This article contains spoilers for The Marvels.
There’s been a lot of discourse surrounding The Marvels and its less-than-ideal performance in theaters. With all of the interconnected movies and TV shows that Marvel studios has been releasing over the last few years, it’s not hard to understand why some people are starting to experience “superhero fatigue” and no longer feeling the need to see these projects the instant they release. At the same time, it’s a shame that the movie solely focused on female heroes directed by a Black woman is where a lot of people have decided to draw the line.
The Marvels isn’t a perfect film by any means, but it deserves a lot more credit than it’s gotten for the things that it does get right.
The Length Is a Welcome Change
Do I wish that I could have spent more than an hour and 45 minutes with Kamala, Carol, and Monica in The Marvels? Absolutely. I’d spend hours with these characters if I could. But after spending six hours across several weeks slogging through Secret Invasion this summer, the brisk pacing of The Marvels was a welcome reprieve.
I won’t deny that there were still some pacing issues across the movie, but at the same time I was entertained throughout the entire hour and 45 minutes and felt satisfied by the time the movie was over. Despite the shorter runtime, The Marvels still tells a compelling, empowering, and fun story without missing out on too much.
The Marvels Is Already the Highest Grossing Movie Directed By a Black Woman
A lot of news surrounding The Marvels has been framing it as a box office failure for Marvel. Grossing $110 million in its opening weekend, it’s the lowest opening ever for an MCU movie, so this isn’t wholly inaccurate. However, it’s still the highest grossing opening weekend for a theatrical film directed by a Black woman. Even though it’s considered a greater critical success, Nia DaCosta’s previous film Candyman (2021) only grossed around $22 million in its opening weekend.
The Marvels Passes the Bechdel Test With Flying Colors
The Bechdel Test is one of the lowest bars of female representation, and yet it’s remarkable how many movies and TV shows still manage to fail it. In order to pass, the movie or TV show has to feature at least two women that talk to each other about something other than a man. Sounds easy enough to pass, and yet a majority of Phase 1 fails this benchmark. The Marvels, however, passes this test with ease, and goes beyond that to show the MCU’s first all-women team.
The Marvels is so much more than just a feature-length version of the Avengers: Endgame women hero team-up shot. The movie puts together a group of powerful yet imperfect women and lets them have a great time while saving the world, galaxy, and multiverse. Even though Monica (Teyonah Parris) and Carol (Brie Larson) have some family drama to work through, there’s no posturing between them or Kamala (Iman Vellani) regarding leadership or who gets to make the decisions for the group. The women see themselves as equals from the beginning. Obviously Kamala looks up to Carol and Monica given their age difference, but they do their best to not infantilize Kamala. In the sequence where they learn how to use their power-triggered body-swap situation to their advantage, they are all back at square one for a time. They have to learn how to use their powers once again, and trust each other in the process.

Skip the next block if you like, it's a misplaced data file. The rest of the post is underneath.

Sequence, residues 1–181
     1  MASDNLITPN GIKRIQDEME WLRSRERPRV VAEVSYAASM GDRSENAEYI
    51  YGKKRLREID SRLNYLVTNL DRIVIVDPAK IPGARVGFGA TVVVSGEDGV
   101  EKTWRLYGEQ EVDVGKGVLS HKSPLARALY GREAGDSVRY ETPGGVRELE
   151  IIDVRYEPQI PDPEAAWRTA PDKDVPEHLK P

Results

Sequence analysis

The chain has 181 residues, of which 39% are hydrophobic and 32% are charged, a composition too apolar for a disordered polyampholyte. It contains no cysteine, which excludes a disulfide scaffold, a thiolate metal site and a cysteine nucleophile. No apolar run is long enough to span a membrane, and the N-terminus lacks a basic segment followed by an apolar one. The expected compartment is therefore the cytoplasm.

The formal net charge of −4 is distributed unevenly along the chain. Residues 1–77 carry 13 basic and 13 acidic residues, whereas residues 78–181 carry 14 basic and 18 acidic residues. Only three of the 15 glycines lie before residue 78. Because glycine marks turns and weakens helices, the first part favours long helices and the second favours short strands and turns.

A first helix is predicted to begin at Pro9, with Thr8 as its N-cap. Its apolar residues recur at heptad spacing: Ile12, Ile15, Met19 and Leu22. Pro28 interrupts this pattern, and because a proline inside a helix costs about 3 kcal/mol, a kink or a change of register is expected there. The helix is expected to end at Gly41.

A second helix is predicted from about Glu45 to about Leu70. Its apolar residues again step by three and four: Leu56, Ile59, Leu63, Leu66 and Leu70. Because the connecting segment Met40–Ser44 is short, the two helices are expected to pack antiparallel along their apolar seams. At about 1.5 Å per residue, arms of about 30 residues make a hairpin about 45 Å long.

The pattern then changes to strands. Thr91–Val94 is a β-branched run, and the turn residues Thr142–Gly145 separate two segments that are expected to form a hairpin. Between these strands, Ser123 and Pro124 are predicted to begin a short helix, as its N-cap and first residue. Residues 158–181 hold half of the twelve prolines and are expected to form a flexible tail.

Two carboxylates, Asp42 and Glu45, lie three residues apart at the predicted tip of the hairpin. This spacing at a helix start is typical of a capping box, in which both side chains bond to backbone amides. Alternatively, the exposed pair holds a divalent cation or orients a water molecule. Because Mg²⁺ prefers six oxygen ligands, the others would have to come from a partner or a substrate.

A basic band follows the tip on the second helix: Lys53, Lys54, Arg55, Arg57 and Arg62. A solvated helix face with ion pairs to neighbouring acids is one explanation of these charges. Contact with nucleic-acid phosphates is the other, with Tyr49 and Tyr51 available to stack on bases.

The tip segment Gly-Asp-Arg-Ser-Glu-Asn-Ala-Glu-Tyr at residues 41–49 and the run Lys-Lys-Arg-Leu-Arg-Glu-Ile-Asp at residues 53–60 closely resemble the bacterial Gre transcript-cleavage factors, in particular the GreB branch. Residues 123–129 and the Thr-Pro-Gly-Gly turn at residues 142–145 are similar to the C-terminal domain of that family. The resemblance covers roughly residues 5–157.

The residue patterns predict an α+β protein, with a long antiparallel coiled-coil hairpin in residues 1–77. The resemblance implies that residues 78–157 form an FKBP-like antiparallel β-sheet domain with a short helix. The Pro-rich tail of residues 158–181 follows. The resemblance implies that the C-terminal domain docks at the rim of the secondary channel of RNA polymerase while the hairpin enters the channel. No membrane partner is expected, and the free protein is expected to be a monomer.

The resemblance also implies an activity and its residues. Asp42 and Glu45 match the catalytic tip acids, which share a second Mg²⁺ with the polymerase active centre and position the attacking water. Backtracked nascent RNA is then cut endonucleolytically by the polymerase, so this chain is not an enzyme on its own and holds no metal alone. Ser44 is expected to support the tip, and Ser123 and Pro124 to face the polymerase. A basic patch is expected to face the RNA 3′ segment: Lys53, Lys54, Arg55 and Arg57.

The Marvels is the kind of movie that I’ve been dying for since I first started watching superhero movies as a child – it’s a group of women, kicking ass, having fun, and saving the day. It’s understandable that this movie won’t be for everyone, but after sitting through nearly two decades of movies that weren’t necessarily made for me or the young girl I was when this franchise first began, it’s nice to add The Marvels to the short list of superhero movies that do.
The Cats Needle-Drop Is Perfection
Watching a herd of baby Flerken kittens running around eating scientists on a malfunctioning S.A.B.E.R. space station while the song “Memory” from the hit Andrew Lloyd Webber musical Cats plays in the background was definitely not something I expected to see this year, but now that I have, I never want to go back. I applaud Nia DaCosta, Megan McDonnell, and Elissa Karasik for their impeccable taste and vision for this scene – the needle-drop, the look on Fury’s face when he realizes that the Flerkens are the only way to evacuate everyone safely, the sheer terror of the scientists as they try to avoid being eaten, the adorable yet deadly kittens prancing around doing their little cat thing – it’s everything I could have asked for. This scene is pure fun and shenanigans, and truly what more could you ask for from a comic book movie?
The Marvels Sets Up Two Women-Led Superhero Teams
Speaking of women teaming up to kick ass and have fun, The Marvels further connects the threads for a potential Young Avengers-style team. Not only does this movie see Kamala team up with Monica and her idol Carol, forming a team she affectionately dubs The Marvels, but it also features an important next step for Kamala in Monica’s absence. In the final moments of The Marvels, we see Kamala appear in Kate Bishop’s (Hailee Steinfeld) apartment Nick Fury-style and try to recruit her.
Kamala also mentions Ant-Man’s daughter Cassie (Kathryn Newton) as a potential member of their team. With Riri Williams a.k.a. Ironheart (Dominique Thorne), Shuri (Letitia Wright), and America Chavez (Xochitl Gomez) also coming into their powers and abilities in recent MCU projects, the Young Avengers could potentially be made up of all or mostly young women in its first MCU iteration. Considering that Black Widow (Scarlett Johansson) was the only woman on the original Avengers team for a while, and didn’t get her own solo movie until after her character died in Endgame, an all-women start to the Young Avengers would be a huge step forward for the MCU.